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Digital Integrated Circuits A Design Perspective

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Presentation on theme: "Digital Integrated Circuits A Design Perspective"— Presentation transcript:

1 Digital Integrated Circuits A Design Perspective
EE141 Digital Integrated Circuits A Design Perspective Timing Issues

2 Timing Definitions

3 Latch Parameters D Q Clk T Clk PWm tsu D thold tc-q td-q Q
Delays can be different for rising and falling data transitions

4 Register Parameters D Q Clk T Clk thold D tsu tc-q Q
Delays can be different for rising and falling data transitions

5 Clock Uncertainties Sources of clock uncertainty

6 Clock Non-idealities Clock skew Clock jitter
Spatial variation in temporally equivalent clock edges; deterministic + random, tSK Clock jitter Temporal variations in consecutive edges of the clock signal; modulation + random noise Cycle-to-cycle (short-term) tJS Long term tJL Variation of the pulse width Important for level sensitive clocking

7 Clock Skew and Jitter Clk tSK Clk tJS Both skew and jitter affect the effective cycle time Only skew affects the race margin

8 Positive and Negative Skew

9 Positive Skew Launching edge arrives before the receiving edge

10 Negative Skew Receiving edge arrives before the launching edge

11 Timing Constraints Minimum cycle time: T -  = tc-q + tsu + tlogic
Worst case is when receiving edge arrives early (positive )

12 Impact of Jitter

13 Longest Logic Path in Edge-Triggered Systems
TJI + d TSU Clk TClk-Q TLM T Latest point of launching Earliest arrival of next cycle

14 Shortest Path Clk TClk-Q TLm Clk TH Earliest point of launching
Data must not arrive before this time Nominal clock edge

15 Clock Skew

16 Clock Distribution H-tree Clock is distributed in a tree-like fashion

17 More realistic H-tree [Restle98]

18 The Grid System No rc-matching Large power

19 Self-timed and Asynchronous Design
Functions of clock in synchronous design 1) Acts as completion signal 2) Ensures the correct ordering of events Truly asynchronous design 1) Completion is ensured by careful timing analysis 2) Ordering of events is implicit in logic Self-timed design 1) Completion ensured by completion signal 2) Ordering imposed by handshaking protocol

20 Synchronous Pipelined Datapath

21 Self-Timed Pipelined Datapath

22 Completion Signal Generation

23 Completion Signal Using Current Sensing

24 Hand-Shaking Protocol
Two Phase Handshake

25 2-Phase Handshake Protocol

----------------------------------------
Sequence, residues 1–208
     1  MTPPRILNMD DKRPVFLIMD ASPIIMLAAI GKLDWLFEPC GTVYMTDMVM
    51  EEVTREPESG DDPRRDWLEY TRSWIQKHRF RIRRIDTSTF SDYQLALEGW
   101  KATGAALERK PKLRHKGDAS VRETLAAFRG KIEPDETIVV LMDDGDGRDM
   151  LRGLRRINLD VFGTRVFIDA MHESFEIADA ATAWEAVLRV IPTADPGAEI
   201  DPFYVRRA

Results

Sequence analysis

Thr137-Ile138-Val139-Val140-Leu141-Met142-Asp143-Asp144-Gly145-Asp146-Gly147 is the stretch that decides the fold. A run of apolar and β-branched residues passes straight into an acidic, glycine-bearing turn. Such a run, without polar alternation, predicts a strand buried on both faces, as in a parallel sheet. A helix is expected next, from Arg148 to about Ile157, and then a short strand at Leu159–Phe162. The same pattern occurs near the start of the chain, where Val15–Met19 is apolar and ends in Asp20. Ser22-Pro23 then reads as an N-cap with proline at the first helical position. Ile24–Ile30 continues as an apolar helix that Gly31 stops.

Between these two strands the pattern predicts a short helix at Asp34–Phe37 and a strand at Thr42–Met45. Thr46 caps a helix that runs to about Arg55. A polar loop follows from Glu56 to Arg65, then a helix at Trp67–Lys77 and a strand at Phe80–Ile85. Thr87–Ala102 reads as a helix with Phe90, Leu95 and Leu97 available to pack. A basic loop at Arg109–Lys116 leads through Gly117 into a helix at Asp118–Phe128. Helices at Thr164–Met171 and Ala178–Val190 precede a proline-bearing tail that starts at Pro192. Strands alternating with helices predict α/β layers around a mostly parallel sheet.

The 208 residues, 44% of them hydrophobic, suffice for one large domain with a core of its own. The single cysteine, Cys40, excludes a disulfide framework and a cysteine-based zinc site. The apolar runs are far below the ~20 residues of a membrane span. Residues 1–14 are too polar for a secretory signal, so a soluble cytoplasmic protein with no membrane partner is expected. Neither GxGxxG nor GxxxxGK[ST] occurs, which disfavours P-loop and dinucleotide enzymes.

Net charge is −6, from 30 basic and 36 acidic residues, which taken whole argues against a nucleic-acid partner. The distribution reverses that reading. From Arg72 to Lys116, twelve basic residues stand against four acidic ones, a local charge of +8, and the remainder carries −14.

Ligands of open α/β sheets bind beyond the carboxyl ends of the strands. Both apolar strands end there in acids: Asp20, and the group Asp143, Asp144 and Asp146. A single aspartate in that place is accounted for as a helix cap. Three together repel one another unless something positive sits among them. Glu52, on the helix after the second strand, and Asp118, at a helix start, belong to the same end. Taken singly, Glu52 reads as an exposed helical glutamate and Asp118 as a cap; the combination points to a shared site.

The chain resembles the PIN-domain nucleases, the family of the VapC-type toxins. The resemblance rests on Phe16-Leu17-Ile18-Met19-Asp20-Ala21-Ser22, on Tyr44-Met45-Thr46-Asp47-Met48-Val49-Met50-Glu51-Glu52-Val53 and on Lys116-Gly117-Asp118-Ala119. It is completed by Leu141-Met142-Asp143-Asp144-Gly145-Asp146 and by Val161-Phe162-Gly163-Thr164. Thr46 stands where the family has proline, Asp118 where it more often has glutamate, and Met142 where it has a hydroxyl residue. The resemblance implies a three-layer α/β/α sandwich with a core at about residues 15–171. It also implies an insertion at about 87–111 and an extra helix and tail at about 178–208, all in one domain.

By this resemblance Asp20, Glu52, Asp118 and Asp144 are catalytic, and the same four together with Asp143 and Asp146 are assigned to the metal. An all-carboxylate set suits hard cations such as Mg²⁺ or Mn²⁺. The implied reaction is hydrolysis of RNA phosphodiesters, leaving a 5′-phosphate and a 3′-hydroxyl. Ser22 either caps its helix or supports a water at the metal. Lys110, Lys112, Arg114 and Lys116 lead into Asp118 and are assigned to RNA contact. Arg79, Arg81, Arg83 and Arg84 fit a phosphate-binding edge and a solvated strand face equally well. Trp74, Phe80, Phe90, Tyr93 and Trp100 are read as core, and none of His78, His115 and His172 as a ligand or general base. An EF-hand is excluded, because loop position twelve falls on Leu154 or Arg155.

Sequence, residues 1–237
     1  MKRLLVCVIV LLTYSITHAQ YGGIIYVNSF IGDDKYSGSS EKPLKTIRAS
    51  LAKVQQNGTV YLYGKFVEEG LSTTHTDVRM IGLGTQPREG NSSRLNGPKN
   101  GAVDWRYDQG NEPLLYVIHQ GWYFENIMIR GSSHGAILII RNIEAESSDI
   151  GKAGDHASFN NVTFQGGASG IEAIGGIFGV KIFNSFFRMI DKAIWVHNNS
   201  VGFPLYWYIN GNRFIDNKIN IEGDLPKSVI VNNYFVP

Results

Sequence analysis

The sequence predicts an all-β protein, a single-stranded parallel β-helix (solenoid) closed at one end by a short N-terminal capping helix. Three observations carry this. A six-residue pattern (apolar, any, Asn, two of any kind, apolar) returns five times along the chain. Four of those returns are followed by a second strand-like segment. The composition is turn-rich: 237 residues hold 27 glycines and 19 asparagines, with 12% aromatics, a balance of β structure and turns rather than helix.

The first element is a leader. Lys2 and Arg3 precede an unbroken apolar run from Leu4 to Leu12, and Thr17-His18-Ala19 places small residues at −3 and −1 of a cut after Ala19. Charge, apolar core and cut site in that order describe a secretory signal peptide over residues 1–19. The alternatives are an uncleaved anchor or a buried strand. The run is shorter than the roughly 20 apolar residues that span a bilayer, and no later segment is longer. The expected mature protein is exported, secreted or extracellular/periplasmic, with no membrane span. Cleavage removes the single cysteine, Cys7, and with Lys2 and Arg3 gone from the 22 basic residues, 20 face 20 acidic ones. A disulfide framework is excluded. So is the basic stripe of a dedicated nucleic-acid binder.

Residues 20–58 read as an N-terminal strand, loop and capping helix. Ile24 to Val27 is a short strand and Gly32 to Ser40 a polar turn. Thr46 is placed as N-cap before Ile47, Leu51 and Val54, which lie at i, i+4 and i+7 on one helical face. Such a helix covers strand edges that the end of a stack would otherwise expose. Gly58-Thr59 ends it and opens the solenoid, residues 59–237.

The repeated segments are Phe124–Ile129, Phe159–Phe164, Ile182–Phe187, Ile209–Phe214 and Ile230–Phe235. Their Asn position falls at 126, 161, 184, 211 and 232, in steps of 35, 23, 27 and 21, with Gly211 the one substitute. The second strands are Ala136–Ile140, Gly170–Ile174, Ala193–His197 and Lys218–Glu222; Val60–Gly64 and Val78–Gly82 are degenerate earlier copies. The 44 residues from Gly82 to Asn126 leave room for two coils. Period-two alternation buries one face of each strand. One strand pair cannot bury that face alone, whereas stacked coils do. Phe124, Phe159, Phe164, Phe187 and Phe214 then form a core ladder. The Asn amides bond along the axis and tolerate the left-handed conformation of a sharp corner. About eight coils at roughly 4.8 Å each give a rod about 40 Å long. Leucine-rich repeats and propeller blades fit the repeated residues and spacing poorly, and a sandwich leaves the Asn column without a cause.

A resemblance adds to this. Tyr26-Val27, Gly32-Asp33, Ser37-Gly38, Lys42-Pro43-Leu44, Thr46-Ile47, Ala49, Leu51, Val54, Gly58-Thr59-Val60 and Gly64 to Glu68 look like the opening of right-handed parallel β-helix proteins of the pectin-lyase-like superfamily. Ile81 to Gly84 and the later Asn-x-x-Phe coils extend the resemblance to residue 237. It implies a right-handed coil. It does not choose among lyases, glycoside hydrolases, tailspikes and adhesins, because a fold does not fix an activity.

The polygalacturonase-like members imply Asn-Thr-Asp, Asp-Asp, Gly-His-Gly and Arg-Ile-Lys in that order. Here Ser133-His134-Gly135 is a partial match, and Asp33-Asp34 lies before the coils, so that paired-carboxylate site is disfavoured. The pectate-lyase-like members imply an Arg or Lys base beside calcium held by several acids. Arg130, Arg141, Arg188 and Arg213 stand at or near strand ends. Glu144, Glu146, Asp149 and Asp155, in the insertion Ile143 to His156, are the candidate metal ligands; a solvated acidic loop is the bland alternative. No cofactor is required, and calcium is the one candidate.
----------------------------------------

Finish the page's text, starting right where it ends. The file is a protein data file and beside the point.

Advantage : FAST - minimal # of signaling events (important for global interconnect) Disadvantage : edge - sensitive, has state

26 4-Phase Handshake Protocol
Also known as RTZ Slower, but unambiguous

27 4-Phase Handshake Protocol
Implementation using Muller-C elements

28 Asynchronous-Synchronous Interface

29 Synchronizers and Arbiters
Arbiter: Circuit to decide which of 2 events occurred first Synchronizer: Arbiter with clock f as one of the inputs Problem: Circuit HAS to make a decision in limited time - which decision is not important

30 A Simple Synchronizer • Data sampled on rising edge of the clock
• Latch will eventually resolve the signal value, but ... this might take infinite time!

31 Arbiters

32 PLL-Based Synchronization

33 PLL Block Diagram

34 Phase Detector Output before filtering Transfer characteristic

35 Phase-Frequency Detector

36 PFD Response to Frequency

37 Charge Pump

38 Clock Generation using DLLs
Delay-Locked Loop (Delay Line Based) fREF U Phase Det Charge Pump DL D Filter fO Phase-Locked Loop (VCO-Based) fREF U PD CP VCO D ÷N Filter fO

39 Delay Locked Loop

40 DLL-Based Clock Distribution

41 Digital Integrated Circuits A Design Perspective
EE141 Digital Integrated Circuits A Design Perspective Arithmetic Circuits

42 A Generic Digital Processor

43 Building Blocks for Digital Architectures
Arithmetic unit - Bit-sliced datapath (adder, multiplier, shifter, comparator, etc.) Memory - RAM, ROM, Buffers, Shift registers Control - Finite state machine (PLA, random logic.) - Counters Interconnect - Switches - Arbiters - Bus

44 Bit-Sliced Design

45 Bit-Sliced Datapath

46 Itanium Integer Datapath
Fetzer, Orton, ISSCC’02

47 Adders

48 Full-Adder

49 The Binary Adder

50 The Ripple-Carry Adder
Worst case delay linear with the number of bits td = O(N) tadder = (N-1)tcarry + tsum Goal: Make the fastest possible carry path circuit

51 Complimentary Static CMOS Full Adder
28 Transistors

52 Inversion Property

53 Minimize Critical Path by Reducing Inverting Stages
Exploit Inversion Property

54 Transmission Gate Full Adder

55 Carry-Bypass Adder Also called Carry-Skip

56 Carry-Bypass Adder (cont.)
tadder = tsetup + Mtcarry + (N/M-1)tbypass + (M-1)tcarry + tsum

57 Carry Ripple versus Carry Bypass

58 Carry-Select Adder

59 Carry Select Adder: Critical Path

60 Linear Carry Select

61 Square Root Carry Select

62 Adder Delays - Comparison

63 LookAhead - Basic Idea

64 Carry Lookahead Trees Can continue building the tree hierarchically.

65 Tree Adders 16-bit radix-2 Kogge-Stone tree

66 Tree Adders 16-bit radix-4 Kogge-Stone Tree

67 Multipliers

68 The Binary Multiplication

69 The Array Multiplier

70 The MxN Array Multiplier — Critical Path

71 Carry-Save Multiplier

72 Wallace-Tree Multiplier

73 Wallace-Tree Multiplier

74 Multipliers —Summary

75 Shifters

76 The Binary Shifter

77 The Barrel Shifter Area Dominated by Wiring

78 4x4 barrel shifter Widthbarrel ~ 2 pm M

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